Story: Tertiary education

Page 4. Tertiary sector reform from the 1980s

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From 1990 polytechnics and colleges of education were placed on an equal footing with universities. Reform began in the late 1980s as part of wider economic and social restructuring undertaken by the government. Major recommendations contained in a 1988 report on the sector commissioned by the government included:

  • that all tertiary institutions should become independent legal entities led by a chief executive and held accountable by individual charters
  • that competition between institutions should be encouraged
  • that universities lose their monopoly over degrees.

These recommendations were accepted and implemented from 1990, when the Education Amendment Act was passed.

New developments

The Education Amendment Act 1990 defined tertiary education institutions as universities, polytechnics, colleges of education, specialist colleges and wānanga (Māori educational institutions).

Under this act these institutions were bulk funded according to a common formula based on the number of equivalent full-time students enrolled. The University Grants Committee, which had distributed government funding to universities, was accordingly abolished. Each institution had to draw up a charter (which described the institution’s role and long-term plans) and was held accountable to the government through this document.

Student fees

From 1989 means-tested student allowances replaced bursaries, which had traditionally covered fees and living costs. Fees increased, and a student loan scheme, through which students could borrow money for fees and living costs, was introduced in 1992. At 30 June 2010, 894,000 people had taken out a student loan. The total amount owed by borrowers was $11.145 billion.


In the 1990s universities became more entrepreneurial as they sought funding from sources other than government. Academics undertook consultancy and research work in the public and private sectors to a greater extent, and many more international students were recruited. Universities dominated the contestable Performance Based Research Fund (PBRF), which linked research funding with research outputs, from its inception in 2004.

Thwarted aspirations

In 1994 Carrington Polytechnic changed its name to Unitec Institute of Technology. The previous year management announced that Carrington was going to apply for university status (degrees had been offered since 1992) and the name change reflected this aspiration. After much to-ing and fro-ing the application was declined by the government in 2005, and Unitec took legal action in response. The High Court said the government acted unlawfully in declining the application but the Court of Appeal upheld the government’s appeal against this decision.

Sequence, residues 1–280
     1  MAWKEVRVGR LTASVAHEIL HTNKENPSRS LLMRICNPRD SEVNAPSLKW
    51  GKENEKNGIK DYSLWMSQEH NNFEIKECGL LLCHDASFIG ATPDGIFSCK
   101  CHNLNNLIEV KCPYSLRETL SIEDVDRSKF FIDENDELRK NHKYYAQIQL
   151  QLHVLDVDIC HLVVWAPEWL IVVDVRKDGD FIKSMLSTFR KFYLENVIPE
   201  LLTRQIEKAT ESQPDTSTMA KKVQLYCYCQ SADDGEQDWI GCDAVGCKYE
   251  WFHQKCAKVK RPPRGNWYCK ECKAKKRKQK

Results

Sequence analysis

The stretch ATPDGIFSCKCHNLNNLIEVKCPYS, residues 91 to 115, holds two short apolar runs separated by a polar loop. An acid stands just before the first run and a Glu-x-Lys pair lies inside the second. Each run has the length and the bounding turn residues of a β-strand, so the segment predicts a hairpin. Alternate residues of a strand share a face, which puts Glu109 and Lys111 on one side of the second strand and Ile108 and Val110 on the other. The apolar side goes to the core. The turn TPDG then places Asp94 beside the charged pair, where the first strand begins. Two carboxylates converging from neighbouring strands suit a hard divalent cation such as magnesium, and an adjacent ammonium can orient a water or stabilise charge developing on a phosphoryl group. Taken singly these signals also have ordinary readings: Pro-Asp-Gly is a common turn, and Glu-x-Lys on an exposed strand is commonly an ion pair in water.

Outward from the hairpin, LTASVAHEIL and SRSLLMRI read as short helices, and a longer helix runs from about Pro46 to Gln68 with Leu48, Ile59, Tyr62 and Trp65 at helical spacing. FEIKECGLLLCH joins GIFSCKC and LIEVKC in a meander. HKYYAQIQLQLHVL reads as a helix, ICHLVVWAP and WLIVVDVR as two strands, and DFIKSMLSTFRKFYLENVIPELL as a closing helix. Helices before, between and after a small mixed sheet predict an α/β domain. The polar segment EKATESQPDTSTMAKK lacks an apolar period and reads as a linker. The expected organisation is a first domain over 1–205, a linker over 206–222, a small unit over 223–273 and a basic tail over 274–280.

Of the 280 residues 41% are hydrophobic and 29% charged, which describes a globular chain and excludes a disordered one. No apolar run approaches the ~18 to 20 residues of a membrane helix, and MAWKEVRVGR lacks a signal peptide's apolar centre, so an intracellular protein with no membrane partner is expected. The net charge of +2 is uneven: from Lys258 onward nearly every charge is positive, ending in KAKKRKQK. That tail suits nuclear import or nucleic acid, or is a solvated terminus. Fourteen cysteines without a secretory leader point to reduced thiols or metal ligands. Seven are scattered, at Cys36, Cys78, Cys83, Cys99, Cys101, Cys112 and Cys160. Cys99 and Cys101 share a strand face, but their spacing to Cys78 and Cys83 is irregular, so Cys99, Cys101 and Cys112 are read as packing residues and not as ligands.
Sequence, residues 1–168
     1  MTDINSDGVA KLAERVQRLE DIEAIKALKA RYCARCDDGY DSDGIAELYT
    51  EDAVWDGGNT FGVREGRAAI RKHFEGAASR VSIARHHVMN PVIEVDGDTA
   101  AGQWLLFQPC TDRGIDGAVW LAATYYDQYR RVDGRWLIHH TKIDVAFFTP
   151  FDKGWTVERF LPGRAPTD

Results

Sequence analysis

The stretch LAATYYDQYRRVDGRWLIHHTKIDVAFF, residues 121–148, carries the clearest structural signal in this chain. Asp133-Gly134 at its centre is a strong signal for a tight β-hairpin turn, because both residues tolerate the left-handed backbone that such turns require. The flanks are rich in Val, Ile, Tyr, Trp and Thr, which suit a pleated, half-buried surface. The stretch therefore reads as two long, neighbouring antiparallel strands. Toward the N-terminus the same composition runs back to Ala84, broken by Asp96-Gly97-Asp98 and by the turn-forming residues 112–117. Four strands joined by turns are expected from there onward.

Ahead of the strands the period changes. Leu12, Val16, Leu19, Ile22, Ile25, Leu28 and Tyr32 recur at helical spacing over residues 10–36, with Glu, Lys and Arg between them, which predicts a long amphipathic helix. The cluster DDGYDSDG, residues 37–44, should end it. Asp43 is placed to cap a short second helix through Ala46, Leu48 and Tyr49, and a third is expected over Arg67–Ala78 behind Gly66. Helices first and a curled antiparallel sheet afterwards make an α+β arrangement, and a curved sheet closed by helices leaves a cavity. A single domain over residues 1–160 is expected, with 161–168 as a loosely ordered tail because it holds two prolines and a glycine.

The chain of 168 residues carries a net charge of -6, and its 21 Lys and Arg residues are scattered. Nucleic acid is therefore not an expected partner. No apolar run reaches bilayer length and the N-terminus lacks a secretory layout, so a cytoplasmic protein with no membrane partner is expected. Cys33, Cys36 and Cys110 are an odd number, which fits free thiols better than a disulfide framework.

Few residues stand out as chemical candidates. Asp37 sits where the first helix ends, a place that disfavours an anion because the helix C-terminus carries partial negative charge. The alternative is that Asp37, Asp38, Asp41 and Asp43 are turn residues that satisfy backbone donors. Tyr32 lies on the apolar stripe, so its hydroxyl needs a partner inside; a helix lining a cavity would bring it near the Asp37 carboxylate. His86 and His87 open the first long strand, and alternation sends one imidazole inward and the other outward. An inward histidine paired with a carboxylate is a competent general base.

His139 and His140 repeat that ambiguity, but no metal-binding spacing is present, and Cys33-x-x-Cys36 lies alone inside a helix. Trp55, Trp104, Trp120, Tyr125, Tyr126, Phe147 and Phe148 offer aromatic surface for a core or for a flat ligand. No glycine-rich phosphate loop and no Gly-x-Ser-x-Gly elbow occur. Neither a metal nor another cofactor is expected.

After the passing of the Education Amendment Act 1990 polytechnics, which had been controlled by the Department of Education, gained significant managerial and financial autonomy previously experienced by universities alone. The most significant change for polytechnics was the ability to offer degree courses. By 1997 close to 15,000 polytechnic students were enrolled in almost 100 degree courses.

Polytechnics could also gain university status if certain criteria were met. By 2011 Auckland University of Technology (the Auckland Institute of Technology until 2000) was the only polytechnic to have made that transition.

The competitive environment encouraged mergers. Wellington Polytechnic merged with Massey University in 1999, and other polytechnics merged with each other. By 2011 there were 18 polytechnics, compared to 25 in 1990.

Colleges of education

Colleges of education gained the same autonomy as other tertiary institutions and could also offer degrees. Of all tertiary institutions, the colleges entered merger agreements to the greatest extent – in fact all had merged with universities by 2007.

Paying their way

In 2010, 99,880 international fee-paying students studied in New Zealand. Of them, 49% were at private training establishments (PTEs), which included English-language schools, 20% were at universities, 17% at primary or secondary schools, 12% at polytechnics and 3% at English-language establishments affiliated to universities and high schools. In 2010 universities earned $284 million in international enrolment income, PTEs earned $198 million and polytechnics $86 million.

International students

International students from Asian countries studied at New Zealand tertiary institutions under a special Commonwealth development aid scheme from 1951. International students’ fees were subsidised.

The government first considered charging international students full fees in the late 1970s, but this did not happen until the Education Amendment Act 1990 was passed. From then, international students became a source of revenue for the tertiary sector.


In the 1990s and 2000s university enrolments grew fairly consistently, reaching 168,186 in 2005. Small reductions occurred between 2005 and 2008. After this, growth reoccurred and enrolments reached 179,013 in 2010.

From the mid-1990s polytechnic enrolments followed a downward trend until the early 2000s. Enrolments were 150,181 in 1995 and dipped to 127,685 by 2000. A strong period of growth then occurred and polytechnic enrolments surpassed university enrolments in 2003. Polytechnic enrolments rose to 216,613 in 2007, and then declined to 187,339 in 2010.

College of education enrolments grew in the 1990s to reach 14,393 in 2000. Enrolments remained around this level until 2005, when they dropped by more than half to just under 7,000. All college of education students were absorbed into university rolls by 2007.

How to cite this page:

Kerryn Pollock, 'Tertiary education - Tertiary sector reform from the 1980s', Te Ara - the Encyclopedia of New Zealand, (accessed 30 May 2024)

Story by Kerryn Pollock, published 20 Jun 2012